History of the Governor’s Mansion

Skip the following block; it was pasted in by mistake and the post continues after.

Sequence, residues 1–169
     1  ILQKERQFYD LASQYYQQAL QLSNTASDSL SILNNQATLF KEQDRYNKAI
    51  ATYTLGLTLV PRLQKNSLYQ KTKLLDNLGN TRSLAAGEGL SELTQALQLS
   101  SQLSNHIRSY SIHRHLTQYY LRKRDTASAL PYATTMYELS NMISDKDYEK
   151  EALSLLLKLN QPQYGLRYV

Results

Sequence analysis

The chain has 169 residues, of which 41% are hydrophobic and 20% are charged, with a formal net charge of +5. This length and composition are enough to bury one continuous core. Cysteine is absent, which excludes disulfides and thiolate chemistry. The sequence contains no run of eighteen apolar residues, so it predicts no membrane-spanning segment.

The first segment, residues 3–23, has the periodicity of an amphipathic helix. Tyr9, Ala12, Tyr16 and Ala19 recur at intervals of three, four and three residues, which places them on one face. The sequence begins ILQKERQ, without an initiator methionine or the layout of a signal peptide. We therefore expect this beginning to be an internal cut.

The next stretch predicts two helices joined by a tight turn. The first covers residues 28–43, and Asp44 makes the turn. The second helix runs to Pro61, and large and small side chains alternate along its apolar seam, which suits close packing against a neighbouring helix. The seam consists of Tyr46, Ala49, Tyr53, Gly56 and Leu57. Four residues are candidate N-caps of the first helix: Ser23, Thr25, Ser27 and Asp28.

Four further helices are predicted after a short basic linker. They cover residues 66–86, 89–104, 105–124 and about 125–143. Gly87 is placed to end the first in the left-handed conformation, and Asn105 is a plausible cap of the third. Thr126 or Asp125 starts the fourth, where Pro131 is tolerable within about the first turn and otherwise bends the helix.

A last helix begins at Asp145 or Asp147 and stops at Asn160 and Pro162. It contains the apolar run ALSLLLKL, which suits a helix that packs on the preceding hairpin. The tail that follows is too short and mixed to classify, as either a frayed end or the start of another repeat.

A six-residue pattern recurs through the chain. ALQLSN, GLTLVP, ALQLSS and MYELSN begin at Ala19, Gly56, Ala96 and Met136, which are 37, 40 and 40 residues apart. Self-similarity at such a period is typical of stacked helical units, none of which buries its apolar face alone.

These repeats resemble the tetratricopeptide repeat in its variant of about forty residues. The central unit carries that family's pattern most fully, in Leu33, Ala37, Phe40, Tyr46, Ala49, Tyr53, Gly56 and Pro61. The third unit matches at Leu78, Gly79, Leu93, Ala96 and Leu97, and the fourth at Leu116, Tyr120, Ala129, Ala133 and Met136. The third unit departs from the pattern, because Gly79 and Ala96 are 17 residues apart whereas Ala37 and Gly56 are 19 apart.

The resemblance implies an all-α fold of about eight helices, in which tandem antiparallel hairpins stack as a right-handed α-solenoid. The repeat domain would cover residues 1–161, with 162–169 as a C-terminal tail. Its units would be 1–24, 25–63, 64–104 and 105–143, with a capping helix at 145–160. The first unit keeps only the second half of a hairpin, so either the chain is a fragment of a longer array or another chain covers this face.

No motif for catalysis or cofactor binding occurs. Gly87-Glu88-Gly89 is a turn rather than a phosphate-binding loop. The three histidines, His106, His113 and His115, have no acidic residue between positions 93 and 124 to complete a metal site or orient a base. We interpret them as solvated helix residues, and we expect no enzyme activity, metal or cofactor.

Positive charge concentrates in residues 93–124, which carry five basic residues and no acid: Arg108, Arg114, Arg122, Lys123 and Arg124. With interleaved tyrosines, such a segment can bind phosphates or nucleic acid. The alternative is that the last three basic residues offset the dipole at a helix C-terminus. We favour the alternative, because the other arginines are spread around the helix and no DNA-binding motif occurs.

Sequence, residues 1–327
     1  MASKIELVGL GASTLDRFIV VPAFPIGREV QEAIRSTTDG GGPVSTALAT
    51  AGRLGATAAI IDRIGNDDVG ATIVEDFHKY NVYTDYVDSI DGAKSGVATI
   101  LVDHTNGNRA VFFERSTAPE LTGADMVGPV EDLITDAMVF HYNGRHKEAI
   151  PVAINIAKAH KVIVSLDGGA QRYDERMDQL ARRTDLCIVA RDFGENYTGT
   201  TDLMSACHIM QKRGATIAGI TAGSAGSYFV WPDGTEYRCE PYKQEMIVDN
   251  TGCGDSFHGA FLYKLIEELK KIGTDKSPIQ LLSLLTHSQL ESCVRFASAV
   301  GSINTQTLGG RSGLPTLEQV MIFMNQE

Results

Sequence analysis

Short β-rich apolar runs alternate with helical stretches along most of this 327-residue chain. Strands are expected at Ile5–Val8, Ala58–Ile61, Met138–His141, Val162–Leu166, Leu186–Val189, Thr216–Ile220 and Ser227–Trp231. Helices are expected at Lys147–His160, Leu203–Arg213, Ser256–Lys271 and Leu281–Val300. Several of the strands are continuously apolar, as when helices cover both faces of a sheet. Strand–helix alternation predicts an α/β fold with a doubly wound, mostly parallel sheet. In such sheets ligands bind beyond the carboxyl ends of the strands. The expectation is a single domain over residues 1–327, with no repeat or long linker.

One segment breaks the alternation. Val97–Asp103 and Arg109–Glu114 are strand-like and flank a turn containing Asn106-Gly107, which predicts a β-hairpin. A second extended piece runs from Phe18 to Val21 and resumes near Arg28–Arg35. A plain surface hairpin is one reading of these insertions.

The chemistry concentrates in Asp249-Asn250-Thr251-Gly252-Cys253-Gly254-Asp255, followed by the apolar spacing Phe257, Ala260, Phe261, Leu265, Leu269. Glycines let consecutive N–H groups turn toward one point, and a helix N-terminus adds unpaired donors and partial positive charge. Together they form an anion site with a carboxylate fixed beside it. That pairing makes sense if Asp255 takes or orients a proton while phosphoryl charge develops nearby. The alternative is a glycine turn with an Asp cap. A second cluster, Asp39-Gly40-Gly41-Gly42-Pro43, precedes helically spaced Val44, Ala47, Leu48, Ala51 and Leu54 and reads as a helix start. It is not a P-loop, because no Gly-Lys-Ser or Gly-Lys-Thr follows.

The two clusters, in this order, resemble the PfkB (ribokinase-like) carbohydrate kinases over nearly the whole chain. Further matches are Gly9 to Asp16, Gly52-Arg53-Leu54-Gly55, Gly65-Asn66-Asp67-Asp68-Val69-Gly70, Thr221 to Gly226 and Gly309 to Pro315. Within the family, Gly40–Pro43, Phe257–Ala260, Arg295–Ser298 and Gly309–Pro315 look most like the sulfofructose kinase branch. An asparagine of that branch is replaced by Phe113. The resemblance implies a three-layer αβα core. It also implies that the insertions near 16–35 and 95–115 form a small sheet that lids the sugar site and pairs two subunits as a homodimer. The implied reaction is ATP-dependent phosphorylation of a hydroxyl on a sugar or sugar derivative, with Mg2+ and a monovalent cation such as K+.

The Missouri Governor’s Mansion has been the official residence of Missouri’s Governors since 1872 and is one of the oldest governors’ homes in the United States. Located on 10 acres overlooking the Missouri River and the Missouri State Capitol, the Mansion is listed in the National Register of Historic Places. The Missouri Governor’s Mansion was completed in late December 1871. The Mansion was built in only eight months, with much of the work performed by prisoners of the nearby penitentiary. The cost, including some of the furnishings, was $74,960. Governor B. Gratz Brown and his family moved into the Mansion on January 20, 1872. The Mansion was designed by noted St. Louis architect George Ingham Barnett and is an example of Second Empire architecture, a style characterized by the patterned mansard roof popular in the 1860s. The original three-story structure was built containing 13 bedrooms and no bathrooms or closets. The home includes a freestanding winding stairway with a hand-carved black walnut banister, marble fireplaces, elaborate 17-foot ceilings and handsome Renaissance Revival furnishings. The entry consists of an imposing portico with four pink granite columns, a donation from Governor Brown. Through the years, the Mansion has been restored and improved, but the impressive characteristics of the original Mansion remain.